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Language

One of the most obvious effects of the conquest was the introduction of Anglo-Norman, a northern dialect of Old French with limited Nordic influences, as the language of the ruling classes in England, displacing Old English. Norman French words entered the English language, and a further sign of the shift was the usage of names common in France instead of Anglo-Saxon names. Male names such as William, Robert, and Richard soon became common; female names changed more slowly.

The Norman invasion had little impact on placenames, which had changed significantly after earlier Scandinavian invasions. It is not known precisely how much English the Norman invaders learned, nor how much the knowledge of Norman French spread among the lower classes, but the demands of trade and basic communication probably meant that at least some of the Normans and native English were bilingual. Nevertheless, William the Conqueror never developed a working knowledge of English and for centuries afterwards English was not well understood by the nobility.

Immigration and intermarriage

An estimated 8000 Normans and other continentals settled in England as a result of the conquest, although exact figures cannot be established. Some of these new residents intermarried with the native English, but the extent of this practice in the years immediately after Hastings is unclear. Several marriages are attested between Norman men and English women during the years before 1100, but such marriages were uncommon. Most Normans continued to contract marriages with other Normans or other continental families rather than with the English. Within a century of the invasion, intermarriage between the native English and the Norman immigrants had become common. By the early 1160s, Ailred of Rievaulx was writing that intermarriage was common in all levels of society.

Historiography

Debate over the conquest started almost immediately. The Anglo-Saxon Chronicle, when discussing the death of William the Conqueror, denounced him and the conquest in verse, but the king’s obituary notice from William of Poitiers, a Frenchman, was full of praise. Historians since then have argued over the facts of the matter and how to interpret them, with little agreement. The theory or myth of the “Norman yoke” arose in the 17th century, the idea that Anglo-Saxon society had been freer and more equal than the society that emerged after the conquest. This theory owes more to the period in which it was developed than to historical facts, but it continues to be used to the present day in both political and popular thought.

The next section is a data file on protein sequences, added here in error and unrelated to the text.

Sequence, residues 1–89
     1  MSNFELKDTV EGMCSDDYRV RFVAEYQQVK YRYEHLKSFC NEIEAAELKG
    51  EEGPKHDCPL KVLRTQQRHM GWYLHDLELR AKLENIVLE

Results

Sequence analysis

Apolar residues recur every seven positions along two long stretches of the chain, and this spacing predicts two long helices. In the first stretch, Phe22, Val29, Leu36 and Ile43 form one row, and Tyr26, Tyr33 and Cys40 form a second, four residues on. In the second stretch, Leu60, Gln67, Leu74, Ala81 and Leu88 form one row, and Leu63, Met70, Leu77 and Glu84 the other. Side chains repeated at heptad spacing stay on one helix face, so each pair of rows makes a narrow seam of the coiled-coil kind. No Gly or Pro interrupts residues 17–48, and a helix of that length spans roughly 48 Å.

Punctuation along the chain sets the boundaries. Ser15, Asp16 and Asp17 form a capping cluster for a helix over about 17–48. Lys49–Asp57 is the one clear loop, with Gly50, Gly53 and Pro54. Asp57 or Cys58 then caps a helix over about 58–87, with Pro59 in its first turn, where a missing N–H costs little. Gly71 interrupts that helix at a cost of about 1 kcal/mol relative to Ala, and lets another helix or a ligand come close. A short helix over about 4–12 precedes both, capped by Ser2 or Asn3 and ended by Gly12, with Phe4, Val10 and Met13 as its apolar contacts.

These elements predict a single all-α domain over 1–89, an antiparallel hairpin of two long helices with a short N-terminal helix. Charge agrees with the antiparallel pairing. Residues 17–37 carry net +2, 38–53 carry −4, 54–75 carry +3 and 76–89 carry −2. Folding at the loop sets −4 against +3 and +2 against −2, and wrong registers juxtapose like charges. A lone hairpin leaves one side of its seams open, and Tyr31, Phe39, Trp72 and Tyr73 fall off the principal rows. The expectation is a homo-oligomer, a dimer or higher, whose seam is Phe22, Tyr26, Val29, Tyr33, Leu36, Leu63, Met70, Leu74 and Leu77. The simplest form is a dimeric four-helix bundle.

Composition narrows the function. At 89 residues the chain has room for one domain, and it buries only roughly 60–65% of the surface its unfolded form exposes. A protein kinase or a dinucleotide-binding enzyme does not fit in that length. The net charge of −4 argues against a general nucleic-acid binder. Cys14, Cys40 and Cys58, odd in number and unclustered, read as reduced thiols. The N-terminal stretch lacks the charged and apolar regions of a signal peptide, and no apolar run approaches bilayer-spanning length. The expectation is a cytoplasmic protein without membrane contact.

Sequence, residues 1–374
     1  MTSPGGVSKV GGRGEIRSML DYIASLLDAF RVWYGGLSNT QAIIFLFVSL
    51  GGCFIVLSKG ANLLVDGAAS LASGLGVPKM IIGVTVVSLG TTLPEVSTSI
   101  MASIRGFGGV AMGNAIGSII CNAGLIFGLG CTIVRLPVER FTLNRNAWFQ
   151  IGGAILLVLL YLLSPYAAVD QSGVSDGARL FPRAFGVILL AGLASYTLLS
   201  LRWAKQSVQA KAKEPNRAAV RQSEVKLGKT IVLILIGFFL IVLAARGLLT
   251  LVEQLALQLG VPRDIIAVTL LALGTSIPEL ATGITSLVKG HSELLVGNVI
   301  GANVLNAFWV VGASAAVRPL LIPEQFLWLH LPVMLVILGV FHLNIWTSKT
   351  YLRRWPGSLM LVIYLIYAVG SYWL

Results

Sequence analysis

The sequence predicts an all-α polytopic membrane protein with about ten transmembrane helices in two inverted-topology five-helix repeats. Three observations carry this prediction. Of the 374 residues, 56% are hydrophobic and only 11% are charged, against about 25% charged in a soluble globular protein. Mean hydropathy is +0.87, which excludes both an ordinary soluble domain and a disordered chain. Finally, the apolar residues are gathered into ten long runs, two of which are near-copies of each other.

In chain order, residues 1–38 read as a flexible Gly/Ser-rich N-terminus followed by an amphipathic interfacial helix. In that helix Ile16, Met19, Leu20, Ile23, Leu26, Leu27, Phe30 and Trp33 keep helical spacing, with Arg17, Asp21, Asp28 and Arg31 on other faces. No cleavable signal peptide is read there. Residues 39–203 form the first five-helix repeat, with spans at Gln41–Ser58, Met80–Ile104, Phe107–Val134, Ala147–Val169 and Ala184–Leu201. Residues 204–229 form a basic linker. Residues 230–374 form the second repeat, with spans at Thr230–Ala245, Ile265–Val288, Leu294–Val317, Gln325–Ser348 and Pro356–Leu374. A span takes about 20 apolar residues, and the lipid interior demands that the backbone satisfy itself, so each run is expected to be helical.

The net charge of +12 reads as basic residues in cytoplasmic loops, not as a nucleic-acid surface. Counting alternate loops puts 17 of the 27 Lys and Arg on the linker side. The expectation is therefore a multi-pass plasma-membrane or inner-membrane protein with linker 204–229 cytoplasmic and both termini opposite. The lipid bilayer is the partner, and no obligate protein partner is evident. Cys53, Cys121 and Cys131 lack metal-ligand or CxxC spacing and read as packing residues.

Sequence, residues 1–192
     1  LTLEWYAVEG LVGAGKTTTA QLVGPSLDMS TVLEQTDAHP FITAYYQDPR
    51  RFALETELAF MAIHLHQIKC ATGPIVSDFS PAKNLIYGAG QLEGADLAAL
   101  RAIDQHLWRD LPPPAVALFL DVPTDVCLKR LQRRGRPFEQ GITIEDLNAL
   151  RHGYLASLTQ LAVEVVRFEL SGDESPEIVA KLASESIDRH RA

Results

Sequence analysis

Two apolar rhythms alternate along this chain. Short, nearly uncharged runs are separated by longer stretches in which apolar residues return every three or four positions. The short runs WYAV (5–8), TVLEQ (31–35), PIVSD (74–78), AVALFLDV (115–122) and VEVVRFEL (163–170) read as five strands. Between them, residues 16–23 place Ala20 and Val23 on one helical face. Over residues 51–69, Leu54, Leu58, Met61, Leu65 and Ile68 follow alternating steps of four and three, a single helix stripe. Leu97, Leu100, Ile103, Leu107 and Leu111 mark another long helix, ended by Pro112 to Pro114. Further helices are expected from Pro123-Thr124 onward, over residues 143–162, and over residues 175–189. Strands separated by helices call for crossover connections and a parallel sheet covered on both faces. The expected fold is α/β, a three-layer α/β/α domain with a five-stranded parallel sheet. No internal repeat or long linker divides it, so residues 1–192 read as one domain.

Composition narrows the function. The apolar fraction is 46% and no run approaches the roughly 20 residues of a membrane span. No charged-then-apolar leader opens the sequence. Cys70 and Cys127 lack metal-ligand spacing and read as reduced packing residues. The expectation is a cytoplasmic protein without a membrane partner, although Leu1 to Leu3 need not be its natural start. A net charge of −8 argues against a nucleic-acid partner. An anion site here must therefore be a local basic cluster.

In the 20th and 21st centuries, historians have focused less on the rightness or wrongness of the conquest itself, instead concentrating on the effects of the invasion. Some, such as Richard Southern, have seen the conquest as a critical turning point in history. Southern stated that “no country in Europe, between the rise of the barbarian kingdoms and the 20th century, has undergone so radical a change in so short a time as England experienced after 1066”. Other historians, such as H. G. Richardson and G. O. Sayles, believe that the transformation was less radical.

In more general terms, Singman has called the conquest “the last echo of the national migrations that characterized the early Middle Ages”. The debate over the impact of the conquest depends on how change after 1066 is measured. If Anglo-Saxon England was already evolving before the invasion, with the introduction of feudalism, castles or other changes in society, then the conquest, while important, did not represent radical reform. But the change was dramatic if measured by the elimination of the English nobility or the loss of Old English as a literary language. Nationalistic arguments have been made on both sides of the debate, with the Normans cast as either the persecutors of the English or the rescuers of the country from a decadent Anglo-Saxon nobility.